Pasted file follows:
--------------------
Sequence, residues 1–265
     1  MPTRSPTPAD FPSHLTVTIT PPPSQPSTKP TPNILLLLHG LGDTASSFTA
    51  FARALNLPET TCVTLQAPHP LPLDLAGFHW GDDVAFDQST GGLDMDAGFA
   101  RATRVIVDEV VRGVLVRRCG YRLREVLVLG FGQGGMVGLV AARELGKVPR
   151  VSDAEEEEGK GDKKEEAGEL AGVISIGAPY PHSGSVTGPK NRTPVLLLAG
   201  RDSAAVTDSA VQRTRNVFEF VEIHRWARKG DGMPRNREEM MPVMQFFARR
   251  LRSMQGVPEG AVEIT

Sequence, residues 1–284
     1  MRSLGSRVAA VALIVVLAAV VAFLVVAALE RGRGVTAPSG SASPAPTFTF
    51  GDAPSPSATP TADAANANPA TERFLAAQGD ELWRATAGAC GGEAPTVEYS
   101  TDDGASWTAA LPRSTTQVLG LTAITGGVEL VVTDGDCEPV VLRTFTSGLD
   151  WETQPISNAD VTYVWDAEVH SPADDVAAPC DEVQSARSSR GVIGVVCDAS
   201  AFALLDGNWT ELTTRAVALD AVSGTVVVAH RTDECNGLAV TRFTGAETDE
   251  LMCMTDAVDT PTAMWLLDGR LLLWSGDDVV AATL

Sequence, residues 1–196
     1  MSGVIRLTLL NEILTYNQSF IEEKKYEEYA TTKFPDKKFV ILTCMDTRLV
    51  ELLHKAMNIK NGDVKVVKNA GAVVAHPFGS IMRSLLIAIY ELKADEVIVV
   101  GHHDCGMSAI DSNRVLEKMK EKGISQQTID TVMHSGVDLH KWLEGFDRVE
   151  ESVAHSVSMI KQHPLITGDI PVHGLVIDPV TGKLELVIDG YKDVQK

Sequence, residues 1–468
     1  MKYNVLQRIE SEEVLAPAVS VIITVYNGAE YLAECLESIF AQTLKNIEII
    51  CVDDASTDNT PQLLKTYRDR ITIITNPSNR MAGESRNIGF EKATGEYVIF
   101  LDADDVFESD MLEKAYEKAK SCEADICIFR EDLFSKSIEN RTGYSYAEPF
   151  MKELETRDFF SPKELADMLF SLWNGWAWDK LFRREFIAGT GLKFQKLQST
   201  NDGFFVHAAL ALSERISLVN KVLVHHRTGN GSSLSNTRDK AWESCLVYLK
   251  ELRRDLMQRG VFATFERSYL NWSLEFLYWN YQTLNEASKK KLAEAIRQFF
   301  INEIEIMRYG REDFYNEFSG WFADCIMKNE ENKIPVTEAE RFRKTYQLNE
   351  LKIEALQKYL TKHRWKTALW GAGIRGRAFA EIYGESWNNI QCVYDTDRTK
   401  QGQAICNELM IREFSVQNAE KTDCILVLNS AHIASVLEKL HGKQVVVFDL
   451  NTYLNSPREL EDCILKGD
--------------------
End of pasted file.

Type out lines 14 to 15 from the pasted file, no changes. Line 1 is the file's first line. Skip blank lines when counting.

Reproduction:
   251  LMCMTDAVDT PTAMWLLDGR LLLWSGDDVV AATL

Sequence, residues 1–196